Young children's understanding of cultural common ground

Kristin Liebal*, Malinda Carpenter, Michael Tomasello

*Corresponding author for this work

Research output: Contribution to journalArticlepeer-review

38 Citations (Scopus)

Abstract

Human social interaction depends on individuals identifying the common ground they have with others, based both on personally shared experiences and on cultural common ground that all members of the group share. We introduced 3- and 5-year-old children to a culturally well-known object and a novel object. An experimenter then entered and asked, What is that?, either as a request for information or in a recognitory way. When she was requesting information, both 3- and 5-year-olds assumed she was asking about the novel object. When she seemed to recognize an object, 5-year-olds assumed she was referring to the culturally well-known object. Thus, by 3 years of age, children are beginning to understand that they share cultural common ground with other members of their group.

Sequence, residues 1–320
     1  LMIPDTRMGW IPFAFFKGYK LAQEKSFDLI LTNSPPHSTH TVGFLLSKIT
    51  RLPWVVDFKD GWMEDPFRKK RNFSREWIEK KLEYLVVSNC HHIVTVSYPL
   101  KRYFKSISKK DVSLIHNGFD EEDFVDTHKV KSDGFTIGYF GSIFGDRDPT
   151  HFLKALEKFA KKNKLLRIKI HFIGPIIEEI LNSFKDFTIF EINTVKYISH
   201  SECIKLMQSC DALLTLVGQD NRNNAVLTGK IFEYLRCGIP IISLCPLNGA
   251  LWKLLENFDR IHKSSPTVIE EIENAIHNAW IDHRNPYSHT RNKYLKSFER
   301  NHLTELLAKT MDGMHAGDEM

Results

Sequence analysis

Original languageEnglish
Pages (from-to)88-96
Number of pages9
JournalBritish Journal of Developmental Psychology
Volume31
Issue number1
Early online date30 May 2012
DOIs
Publication statusPublished - Mar 2013

Keywords

  • INFANTS USE
  • AMBIGUOUS REQUESTS
  • 14-MONTH-OLDS KNOW
  • SHARED EXPERIENCE
  • OTHERS

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